Understanding Tolerance and Expectations of Employee Workplace Violence (WPV) – IN PROGRESS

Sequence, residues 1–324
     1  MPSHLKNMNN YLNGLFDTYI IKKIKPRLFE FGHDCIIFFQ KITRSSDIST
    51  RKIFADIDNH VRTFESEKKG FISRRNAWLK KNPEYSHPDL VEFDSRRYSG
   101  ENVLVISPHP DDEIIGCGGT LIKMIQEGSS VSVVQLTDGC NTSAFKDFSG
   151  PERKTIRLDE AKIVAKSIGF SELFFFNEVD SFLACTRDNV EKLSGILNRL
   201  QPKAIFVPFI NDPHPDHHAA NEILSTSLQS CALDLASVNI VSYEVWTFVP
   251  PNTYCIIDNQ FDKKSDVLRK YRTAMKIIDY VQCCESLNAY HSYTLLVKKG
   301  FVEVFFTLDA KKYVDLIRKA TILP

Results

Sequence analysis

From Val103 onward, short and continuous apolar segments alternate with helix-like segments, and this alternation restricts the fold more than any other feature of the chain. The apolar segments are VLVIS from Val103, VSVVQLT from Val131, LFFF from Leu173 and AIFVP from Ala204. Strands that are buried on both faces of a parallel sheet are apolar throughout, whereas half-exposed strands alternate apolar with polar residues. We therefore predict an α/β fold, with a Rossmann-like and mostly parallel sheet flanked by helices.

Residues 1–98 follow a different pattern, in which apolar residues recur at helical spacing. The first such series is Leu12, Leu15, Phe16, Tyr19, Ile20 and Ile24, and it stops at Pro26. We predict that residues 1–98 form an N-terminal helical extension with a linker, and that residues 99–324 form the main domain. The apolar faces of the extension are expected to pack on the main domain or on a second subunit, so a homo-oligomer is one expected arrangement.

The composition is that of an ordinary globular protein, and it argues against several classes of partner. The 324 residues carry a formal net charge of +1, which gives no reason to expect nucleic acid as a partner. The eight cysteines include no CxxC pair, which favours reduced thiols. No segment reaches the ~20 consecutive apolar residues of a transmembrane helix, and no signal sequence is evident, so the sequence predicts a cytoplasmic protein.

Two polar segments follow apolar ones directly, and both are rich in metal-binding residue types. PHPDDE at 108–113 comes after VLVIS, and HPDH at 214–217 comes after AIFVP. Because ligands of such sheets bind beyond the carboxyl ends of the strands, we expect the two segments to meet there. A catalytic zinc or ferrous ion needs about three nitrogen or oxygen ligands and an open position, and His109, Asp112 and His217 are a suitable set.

Workplace violence (WPV) is on the rise and organizations struggle to identify employees at risk of becoming violent. Behavioral sciences tell us that people need to share their feelings, air grievances, and process unsatisfactory or upsetting situations; however, these grievances may lead to toxic workplace behavior and, at worst, fatal or serious injuries to fellow employees. Violence is not simply an event: it is the result of an escalating process. Coworkers often see potential “red flags” or prior incidents of aggression and workplace violence involving an employee, but did not perceive the behavior as concerning enough to report. Employees explain these away or have other reasons for not reporting. The lack of reporting aggression and potential violence can result in missed opportunities for de-escalation. To date, WPV research relies on use case data from previous incidents. MITRE is conducting a research study that will produce a data-driven understanding of the reasonable expectations employees have when a coworker might react in or escalate into an aggressive or violent manner. MTRE has developed a methodology on how to research WPV, and is gathering life-saving data on its recognition and tolerance using a nationwide sample of 2,000 employees. Understanding the types of coworker interactions that prompt concern (vs. the types of interactions that do not cause concern) will help in the data driven, evidence-based development and strengthening of behavioral indicators for existing WPV Prevention Programs. Additionally, identifying thresholds at which coworkers reasonably expect an act of WPV to be imminent will aid in earlier risk recognition and reporting.